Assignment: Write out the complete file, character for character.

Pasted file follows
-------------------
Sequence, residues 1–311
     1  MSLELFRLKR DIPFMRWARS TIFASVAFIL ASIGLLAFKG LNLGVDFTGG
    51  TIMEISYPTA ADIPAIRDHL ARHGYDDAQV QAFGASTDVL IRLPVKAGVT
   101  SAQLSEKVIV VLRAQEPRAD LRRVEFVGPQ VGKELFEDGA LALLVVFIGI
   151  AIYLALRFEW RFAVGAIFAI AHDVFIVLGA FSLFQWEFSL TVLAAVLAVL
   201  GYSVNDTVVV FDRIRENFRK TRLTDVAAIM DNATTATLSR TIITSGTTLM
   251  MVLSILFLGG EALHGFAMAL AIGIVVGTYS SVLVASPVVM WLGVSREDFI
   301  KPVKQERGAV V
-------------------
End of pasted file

Sequence, residues 1–311
     1  MSLELFRLKR DIPFMRWARS TIFASVAFIL ASIGLLAFKG LNLGVDFTGG
    51  TIMEISYPTA ADIPAIRDHL ARHGYDDAQV QAFGASTDVL IRLPVKAGVT
   101  SAQLSEKVIV VLRAQEPRAD LRRVEFVGPQ VGKELFEDGA LALLVVFIGI
   151  AIYLALRFEW RFAVGAIFAI AHDVFIVLGA FSLFQWEFSL TVLAAVLAVL
   201  GYSVNDTVVV FDRIRENFRK TRLTDVAAIM DNATTATLSR TIITSGTTLM
   251  MVLSILFLGG EALHGFAMAL AIGIVVGTYS SVLVASPVVM WLGVSREDFI
   301  KPVKQERGAV V